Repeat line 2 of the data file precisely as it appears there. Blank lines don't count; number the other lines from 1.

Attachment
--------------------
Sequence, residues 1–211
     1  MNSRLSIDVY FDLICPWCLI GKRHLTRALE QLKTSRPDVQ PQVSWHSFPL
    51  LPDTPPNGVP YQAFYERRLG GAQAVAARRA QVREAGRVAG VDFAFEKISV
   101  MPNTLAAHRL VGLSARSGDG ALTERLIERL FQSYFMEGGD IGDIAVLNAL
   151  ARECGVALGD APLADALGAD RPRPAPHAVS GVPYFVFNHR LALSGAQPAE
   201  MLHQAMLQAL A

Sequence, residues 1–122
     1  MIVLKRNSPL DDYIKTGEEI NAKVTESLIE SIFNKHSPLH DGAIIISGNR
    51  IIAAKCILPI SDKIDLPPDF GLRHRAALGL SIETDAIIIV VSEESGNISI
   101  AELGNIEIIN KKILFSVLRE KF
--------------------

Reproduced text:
     1  MNSRLSIDVY FDLICPWCLI GKRHLTRALE QLKTSRPDVQ PQVSWHSFPL